An incredibly rare gold crown believed to be more than 2,000 years old has been discovered under a bed in a Somerset cottage.
The delicate Greek myrtle wreath, which is thought to date to 300BC, was found in a tatty cardboard box in the modest Taunton property.
Its elderly owner, who wants to remain anonymous, was stunned when he found it.
Needless to say his shock gauge went through the roof when an auctioneer then told him the valuable artefact it is worth at least £100,000.
Valuers from Duke’s of Dorchester in Dorset attended the pensioner’s home to look at some items he had inherited from his grandfather.
But Guy Schwinge from the auctioneers was astonished when he pulled aside the newspaper inside a worn box to reveal the precious ancient piece.
He said: ‘When the owner pulled the gold wreath from a tatty cardboard box filled with paper, my heart missed a beat.
‘When I went to the cottage the last thing I expected to see was a piece of gold from antiquity.
‘It is notoriously difficult to date gold wreaths of this type. Stylistically it belongs to a rarefied group of wreaths dateable to the Hellenistic period and the form may indicate that it was made in Northern Greece.
‘It is eight inches across and weighs about 100 grams. It’s pure gold and handmade, it would have been hammered out by a goldsmith.
‘The wreath is in very nice condition for something that’s 2,300 years old.
‘It’s a very rare antiquity to find, they don’t turn up often. I’ve never seen one in my career before.’
Gold wreaths like the one found were meant to imitate the wreaths of real leaves that were worn in Ancient Greece in religious ceremonies and given as prizes in athletic and artistic contests.
They usually depicted branches of laurel, myrtle, oak and olive trees, which were symbolic of concepts such as wisdom, triumph, fertility, peace and virtue.
Due to their fragile nature, they were only worn on very special occasions.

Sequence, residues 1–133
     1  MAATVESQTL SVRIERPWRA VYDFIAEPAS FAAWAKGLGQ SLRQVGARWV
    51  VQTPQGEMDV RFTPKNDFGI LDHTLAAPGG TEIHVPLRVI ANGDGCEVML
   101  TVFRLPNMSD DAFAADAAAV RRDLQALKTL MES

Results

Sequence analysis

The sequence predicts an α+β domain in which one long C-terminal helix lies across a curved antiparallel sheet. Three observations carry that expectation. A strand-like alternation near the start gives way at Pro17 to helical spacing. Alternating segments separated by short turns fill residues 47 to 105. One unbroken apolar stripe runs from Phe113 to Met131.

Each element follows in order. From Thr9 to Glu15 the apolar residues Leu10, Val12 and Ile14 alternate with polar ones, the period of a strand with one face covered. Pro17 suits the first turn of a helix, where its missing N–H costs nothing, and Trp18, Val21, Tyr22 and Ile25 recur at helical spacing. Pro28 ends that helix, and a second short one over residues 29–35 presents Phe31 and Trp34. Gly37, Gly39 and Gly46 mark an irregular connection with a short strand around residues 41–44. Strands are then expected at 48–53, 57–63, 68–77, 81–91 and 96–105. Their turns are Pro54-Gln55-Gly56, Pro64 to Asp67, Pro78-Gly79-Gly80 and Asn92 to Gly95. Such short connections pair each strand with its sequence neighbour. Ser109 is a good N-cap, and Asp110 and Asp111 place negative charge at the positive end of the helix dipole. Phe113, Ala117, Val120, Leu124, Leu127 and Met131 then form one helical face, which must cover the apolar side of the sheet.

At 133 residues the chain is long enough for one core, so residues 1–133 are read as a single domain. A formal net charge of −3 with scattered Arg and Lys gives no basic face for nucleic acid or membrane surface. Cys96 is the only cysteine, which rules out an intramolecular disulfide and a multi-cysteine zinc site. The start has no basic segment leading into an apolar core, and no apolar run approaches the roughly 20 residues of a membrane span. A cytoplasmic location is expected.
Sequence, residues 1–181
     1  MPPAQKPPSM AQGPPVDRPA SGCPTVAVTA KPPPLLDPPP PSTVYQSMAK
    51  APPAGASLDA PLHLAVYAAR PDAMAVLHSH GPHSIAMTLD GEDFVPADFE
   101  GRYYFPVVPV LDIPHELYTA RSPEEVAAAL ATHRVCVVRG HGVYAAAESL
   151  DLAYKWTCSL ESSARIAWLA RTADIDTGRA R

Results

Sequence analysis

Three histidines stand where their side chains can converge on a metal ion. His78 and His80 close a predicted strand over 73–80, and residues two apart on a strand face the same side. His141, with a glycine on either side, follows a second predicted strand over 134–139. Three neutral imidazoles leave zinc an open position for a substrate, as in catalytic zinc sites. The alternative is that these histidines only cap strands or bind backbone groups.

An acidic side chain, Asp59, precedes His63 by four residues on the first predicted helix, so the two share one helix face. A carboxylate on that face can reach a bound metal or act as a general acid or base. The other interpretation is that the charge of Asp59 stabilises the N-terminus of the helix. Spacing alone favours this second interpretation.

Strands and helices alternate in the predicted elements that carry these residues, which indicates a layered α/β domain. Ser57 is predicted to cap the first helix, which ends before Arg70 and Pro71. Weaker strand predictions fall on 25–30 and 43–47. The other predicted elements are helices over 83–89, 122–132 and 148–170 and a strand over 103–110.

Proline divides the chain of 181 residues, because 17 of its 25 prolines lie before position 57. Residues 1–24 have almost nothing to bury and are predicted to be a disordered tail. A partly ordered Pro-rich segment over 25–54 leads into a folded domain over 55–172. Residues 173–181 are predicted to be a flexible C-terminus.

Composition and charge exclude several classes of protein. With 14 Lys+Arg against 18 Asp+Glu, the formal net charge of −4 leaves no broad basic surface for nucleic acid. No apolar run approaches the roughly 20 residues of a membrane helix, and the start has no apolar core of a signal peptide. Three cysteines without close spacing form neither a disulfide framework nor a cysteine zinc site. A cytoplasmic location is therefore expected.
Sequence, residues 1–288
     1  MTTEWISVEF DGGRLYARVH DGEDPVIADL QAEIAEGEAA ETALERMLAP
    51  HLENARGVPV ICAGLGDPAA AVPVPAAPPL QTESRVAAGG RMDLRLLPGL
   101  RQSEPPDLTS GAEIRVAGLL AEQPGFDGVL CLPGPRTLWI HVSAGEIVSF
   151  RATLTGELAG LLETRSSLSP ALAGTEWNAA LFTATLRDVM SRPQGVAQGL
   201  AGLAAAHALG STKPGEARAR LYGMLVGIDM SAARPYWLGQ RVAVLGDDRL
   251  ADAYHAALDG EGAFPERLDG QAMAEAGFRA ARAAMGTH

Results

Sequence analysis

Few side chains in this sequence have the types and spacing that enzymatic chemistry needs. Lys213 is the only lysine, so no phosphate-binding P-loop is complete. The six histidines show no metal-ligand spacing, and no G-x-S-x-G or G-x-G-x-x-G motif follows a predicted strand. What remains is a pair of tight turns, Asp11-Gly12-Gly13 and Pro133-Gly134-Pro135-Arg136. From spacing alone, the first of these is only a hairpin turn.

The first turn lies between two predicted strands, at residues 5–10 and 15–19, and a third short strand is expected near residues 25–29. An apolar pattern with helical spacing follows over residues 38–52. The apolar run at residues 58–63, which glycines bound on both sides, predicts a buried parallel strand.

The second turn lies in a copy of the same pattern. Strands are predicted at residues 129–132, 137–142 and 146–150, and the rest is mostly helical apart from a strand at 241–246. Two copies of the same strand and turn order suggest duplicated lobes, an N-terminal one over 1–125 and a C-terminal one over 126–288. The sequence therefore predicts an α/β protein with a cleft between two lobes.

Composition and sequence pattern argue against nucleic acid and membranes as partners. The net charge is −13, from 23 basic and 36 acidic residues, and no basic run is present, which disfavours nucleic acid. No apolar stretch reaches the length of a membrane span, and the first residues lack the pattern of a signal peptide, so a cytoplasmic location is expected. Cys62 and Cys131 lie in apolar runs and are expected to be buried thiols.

Many were dedicated to the Gods in sanctuaries or placed in the graves of royal or aristocratic people as funerary offerings.
Bits of dirt embedded on the wreath suggest this one was buried at some point.
Most date to the Hellenistic period (323BC to 31BC), which this one is also thought to date from, and show the exceptional skill of goldsmiths at that time.
Some were made during earlier periods but the wreaths became more frequent after Alexander the Great’s Eastern conquests, when gold was more available in Greece.
Although his family do not know how he acquired it, it is likely he bought it sometime in the 1940s when he travelled extensively.
The man said: ‘I knew my grandfather travelled extensively in the 1940s and 50s and he spent time in the north west frontier area, where Alexander the Great was, so it’s possible he got it while he was there.
‘But he never told me anything about this wreath.
‘I inherited quite a lot of things from him and I just put this to one side for almost a decade and didn’t really think anything of it.
‘Recently I decided I needed to sort through things and called in Duke’s to have look at some of the items he’d passed on to me.
‘The wreath is a beautiful piece but I never expected it to be so valuable..
‘It was a mixture of excitement and just disbelief when they told me what it was.’
The most famous of these types of wreaths is one that was found at Vergina in the tomb of Alexander the Great’s father Philip II of Macedon in the 1970s, which is in a Greek museum.
A gold wreath similar to this latest one sold at auction in 2012 for almost £200,000. The antiquity will be sold on June 9.